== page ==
Post apocalyptic listener with some thrillers mixed in. Follow me on twitter at @drewsant
“A World Made By Hand” paints a vivid picture of what life could be like when all of the modern world’s conveniences are gone through lack of oil. If you’re looking for an action packed post apocalypse thriller this probably isn’t for you, but what it lacks in action it more than makes up for in storytelling. Everything from what has happened to make the world this way to the everyday actions of the characters are painted so vividly that you could practically be there. The characters are liable well thought out and the story is so interesting compared to other post-apocalyptic novels. While other novels are almost exclusively small groups or individuals trying to stay alive this book focuses on a whole community. I can’t wait to get into the other books in the series.
The narrator was great with the different characters and really brought the story to life.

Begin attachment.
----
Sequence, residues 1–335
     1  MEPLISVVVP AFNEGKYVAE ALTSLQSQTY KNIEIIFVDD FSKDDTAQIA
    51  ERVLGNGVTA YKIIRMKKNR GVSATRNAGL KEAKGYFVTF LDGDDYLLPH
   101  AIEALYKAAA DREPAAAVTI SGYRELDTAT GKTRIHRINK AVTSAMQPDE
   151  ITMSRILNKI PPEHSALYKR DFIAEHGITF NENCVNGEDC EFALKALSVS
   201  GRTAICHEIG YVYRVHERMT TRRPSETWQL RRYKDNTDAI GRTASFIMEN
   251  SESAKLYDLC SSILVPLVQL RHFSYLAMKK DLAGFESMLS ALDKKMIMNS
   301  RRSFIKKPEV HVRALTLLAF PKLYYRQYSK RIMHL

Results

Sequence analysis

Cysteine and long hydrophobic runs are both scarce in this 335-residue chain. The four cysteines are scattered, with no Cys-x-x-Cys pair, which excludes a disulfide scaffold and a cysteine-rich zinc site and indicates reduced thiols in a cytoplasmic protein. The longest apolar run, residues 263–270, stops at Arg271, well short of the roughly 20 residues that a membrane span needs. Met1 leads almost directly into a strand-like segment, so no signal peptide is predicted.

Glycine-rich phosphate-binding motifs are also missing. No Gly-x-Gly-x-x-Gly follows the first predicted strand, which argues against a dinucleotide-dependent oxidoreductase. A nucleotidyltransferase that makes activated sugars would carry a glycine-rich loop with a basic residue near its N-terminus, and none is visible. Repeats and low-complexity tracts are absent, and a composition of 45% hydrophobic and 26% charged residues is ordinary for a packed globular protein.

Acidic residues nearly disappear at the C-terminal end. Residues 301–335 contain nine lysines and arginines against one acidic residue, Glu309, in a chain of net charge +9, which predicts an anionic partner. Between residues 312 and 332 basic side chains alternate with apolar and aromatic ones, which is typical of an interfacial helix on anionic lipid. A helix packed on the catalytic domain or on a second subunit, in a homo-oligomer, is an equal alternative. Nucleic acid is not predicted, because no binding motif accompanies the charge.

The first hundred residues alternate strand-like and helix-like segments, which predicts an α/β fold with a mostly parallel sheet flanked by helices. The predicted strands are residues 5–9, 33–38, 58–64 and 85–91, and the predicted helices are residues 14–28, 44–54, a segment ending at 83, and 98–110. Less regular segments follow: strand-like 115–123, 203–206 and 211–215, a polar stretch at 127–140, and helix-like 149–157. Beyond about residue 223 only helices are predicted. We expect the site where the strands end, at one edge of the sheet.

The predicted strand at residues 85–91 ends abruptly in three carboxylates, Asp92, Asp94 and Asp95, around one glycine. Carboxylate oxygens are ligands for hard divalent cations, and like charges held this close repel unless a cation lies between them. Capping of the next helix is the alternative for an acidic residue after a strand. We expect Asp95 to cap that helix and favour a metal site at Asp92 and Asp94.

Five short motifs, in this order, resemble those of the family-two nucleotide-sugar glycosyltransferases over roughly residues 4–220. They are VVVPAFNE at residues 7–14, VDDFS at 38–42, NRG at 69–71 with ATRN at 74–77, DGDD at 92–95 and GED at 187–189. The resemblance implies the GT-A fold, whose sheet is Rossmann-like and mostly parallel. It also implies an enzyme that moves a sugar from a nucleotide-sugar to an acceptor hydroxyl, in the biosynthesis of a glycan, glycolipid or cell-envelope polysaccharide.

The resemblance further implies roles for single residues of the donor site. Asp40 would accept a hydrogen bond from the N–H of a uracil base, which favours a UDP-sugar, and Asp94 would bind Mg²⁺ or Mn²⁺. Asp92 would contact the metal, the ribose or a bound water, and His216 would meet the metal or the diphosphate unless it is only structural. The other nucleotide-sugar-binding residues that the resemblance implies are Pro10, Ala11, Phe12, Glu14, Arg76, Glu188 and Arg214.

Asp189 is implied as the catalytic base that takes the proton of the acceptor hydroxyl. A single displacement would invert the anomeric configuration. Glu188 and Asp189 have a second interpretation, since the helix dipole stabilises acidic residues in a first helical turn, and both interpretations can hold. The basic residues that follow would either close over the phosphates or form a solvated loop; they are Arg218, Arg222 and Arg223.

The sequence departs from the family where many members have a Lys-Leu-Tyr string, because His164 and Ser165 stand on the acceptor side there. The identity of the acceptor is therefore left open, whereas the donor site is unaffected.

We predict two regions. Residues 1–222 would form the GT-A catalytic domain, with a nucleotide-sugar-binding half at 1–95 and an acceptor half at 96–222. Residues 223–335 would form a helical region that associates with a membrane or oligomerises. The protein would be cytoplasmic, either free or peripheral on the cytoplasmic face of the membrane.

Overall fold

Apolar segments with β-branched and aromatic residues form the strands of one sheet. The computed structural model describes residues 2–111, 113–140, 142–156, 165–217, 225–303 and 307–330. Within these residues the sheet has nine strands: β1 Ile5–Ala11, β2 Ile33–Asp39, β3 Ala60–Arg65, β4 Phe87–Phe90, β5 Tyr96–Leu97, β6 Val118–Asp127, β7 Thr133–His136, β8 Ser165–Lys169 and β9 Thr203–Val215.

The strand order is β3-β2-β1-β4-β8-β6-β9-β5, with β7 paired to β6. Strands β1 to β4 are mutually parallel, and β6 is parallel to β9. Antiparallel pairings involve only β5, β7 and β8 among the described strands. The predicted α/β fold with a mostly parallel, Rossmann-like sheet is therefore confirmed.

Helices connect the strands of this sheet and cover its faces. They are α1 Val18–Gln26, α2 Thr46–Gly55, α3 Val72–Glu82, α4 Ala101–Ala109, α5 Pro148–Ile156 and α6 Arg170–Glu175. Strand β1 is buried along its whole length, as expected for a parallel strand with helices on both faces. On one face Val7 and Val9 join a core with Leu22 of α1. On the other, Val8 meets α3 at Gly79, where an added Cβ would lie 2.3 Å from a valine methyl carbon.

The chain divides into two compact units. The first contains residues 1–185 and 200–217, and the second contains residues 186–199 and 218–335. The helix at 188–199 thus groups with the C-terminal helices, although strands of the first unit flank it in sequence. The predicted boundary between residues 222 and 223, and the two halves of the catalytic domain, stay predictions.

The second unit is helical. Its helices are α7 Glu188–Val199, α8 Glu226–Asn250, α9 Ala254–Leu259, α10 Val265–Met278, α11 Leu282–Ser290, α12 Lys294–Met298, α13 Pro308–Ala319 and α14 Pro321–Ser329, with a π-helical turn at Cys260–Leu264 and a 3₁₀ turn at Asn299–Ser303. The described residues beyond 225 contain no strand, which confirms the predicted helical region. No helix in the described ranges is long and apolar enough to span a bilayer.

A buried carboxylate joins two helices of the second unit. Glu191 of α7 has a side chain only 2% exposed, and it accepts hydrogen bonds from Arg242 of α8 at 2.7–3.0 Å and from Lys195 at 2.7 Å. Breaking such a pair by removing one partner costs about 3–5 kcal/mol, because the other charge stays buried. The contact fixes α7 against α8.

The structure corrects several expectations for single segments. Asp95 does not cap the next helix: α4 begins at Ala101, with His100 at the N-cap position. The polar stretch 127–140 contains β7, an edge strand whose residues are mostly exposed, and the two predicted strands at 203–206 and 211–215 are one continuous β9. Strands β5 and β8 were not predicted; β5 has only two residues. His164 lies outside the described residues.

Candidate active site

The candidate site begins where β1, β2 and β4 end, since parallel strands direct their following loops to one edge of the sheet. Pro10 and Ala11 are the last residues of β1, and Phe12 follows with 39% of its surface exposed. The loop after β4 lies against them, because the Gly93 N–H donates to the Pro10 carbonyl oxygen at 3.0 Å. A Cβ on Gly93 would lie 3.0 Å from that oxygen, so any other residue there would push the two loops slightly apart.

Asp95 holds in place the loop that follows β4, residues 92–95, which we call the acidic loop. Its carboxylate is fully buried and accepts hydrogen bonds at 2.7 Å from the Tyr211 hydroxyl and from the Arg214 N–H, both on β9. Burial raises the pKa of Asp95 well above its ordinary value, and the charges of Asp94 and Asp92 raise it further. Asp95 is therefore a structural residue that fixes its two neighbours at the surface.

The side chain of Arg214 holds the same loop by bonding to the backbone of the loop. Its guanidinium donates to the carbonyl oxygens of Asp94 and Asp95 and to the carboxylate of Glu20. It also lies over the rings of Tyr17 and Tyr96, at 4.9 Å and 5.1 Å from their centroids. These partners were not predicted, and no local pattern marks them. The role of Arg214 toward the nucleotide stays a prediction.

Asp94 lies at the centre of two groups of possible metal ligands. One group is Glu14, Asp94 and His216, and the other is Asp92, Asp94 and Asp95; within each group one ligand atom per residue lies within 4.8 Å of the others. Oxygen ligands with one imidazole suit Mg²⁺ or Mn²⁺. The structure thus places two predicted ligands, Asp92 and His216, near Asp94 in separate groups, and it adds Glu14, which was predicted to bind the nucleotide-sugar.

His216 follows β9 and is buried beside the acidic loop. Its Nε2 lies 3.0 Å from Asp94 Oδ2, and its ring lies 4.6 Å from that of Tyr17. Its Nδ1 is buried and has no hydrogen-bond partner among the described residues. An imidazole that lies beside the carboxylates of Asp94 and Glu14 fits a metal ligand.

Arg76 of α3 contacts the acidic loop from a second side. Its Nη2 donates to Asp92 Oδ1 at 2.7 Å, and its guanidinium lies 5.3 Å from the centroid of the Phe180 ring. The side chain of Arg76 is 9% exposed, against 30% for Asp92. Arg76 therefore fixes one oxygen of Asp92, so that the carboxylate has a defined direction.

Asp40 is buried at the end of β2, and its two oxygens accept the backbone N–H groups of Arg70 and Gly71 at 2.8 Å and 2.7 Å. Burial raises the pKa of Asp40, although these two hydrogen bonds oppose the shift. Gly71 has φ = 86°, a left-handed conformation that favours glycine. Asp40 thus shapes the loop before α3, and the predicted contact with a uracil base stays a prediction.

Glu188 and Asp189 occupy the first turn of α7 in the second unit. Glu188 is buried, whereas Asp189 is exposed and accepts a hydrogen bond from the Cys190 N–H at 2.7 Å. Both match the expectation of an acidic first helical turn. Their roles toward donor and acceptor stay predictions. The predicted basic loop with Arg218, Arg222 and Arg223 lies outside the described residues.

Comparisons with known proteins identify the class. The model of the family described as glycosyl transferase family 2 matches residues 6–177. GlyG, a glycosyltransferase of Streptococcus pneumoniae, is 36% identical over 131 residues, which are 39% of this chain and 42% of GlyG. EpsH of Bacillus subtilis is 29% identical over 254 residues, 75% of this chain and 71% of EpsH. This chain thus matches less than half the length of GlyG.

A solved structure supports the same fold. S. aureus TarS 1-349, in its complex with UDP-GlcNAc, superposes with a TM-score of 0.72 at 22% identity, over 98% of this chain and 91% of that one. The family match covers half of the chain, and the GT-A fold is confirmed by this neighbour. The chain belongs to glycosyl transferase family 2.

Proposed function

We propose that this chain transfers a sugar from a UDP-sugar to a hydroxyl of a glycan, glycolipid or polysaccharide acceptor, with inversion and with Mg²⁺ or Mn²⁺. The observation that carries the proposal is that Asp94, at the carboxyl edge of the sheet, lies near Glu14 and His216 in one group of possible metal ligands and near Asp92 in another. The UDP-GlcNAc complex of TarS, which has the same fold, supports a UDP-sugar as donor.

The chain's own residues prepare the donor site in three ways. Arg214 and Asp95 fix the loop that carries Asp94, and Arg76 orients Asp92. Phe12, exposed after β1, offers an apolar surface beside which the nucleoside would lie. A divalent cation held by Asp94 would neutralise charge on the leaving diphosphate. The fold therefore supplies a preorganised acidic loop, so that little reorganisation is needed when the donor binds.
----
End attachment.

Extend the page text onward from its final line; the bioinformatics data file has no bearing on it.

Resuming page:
Disease and other complications have returned the world to pre-petroleum technology - a traditional setting for this genre. We are in a town that is hobbling along, relying on tradition and custom, rather than any real government or law enforcement. Much of this book, the first in a series (I know there is another one out, but I haven't yet read it), is a great introduction to the protagonist, whose wife has died and whose son left town a few years before. He is in a relatively secret relationship with the wife of his best friend, the local Congregationalist minister (although it is apparently not a secret to the minister - they just never talk about it). A cultish group of men and women have bought the local high school and are fixing it up as a place to live. At times cooperative, they also demonstrate that they are willing to violate others' rights to get them to conform to their expectations and religion. At the same time, a group on the edge of town who supply materials gleaned from garbage dumps and demolition, are also demonstrating their unwillingness to abide by standard modes of behavior; they engage in an apparent murder, coercion, and theft. So with this - and an attractive young widow - as the backdrop, we become engaged in the protagonist's life, a life that is expressed in great detail. But as we get closer to the end of the book, and as we become to suspect that the science fiction in this story may not be limited to just the hypothesized near-future (indeed, it may creep over into fantasy, but we don't ever get to really know in this book), the detail starts to be overlooked. The book rushes to an end. Now I know that the details may come out in the next volume, but the way that the likely war was averted between the town and the inhabitants of the junk yard was just too easy. If the book just ended there, ok. But the protagonist relates a summary of the next few months, and somehow peace happens, his conjugal relationship with the young widow continues, and there is no mention of the reaction of his previous lover, the minister's wife. It just ends too smoothly. I would have preferred a cliff-hanger to the easy gloss that is provided. I happen to relish (and am writing a novel in) this genre, and I really enjoyed this book, up until the last - rushed - part. I have bought the next in the series, but I am a bit worried that the craft of the first three-quarters of the first book will not be achieved in the second. We will see.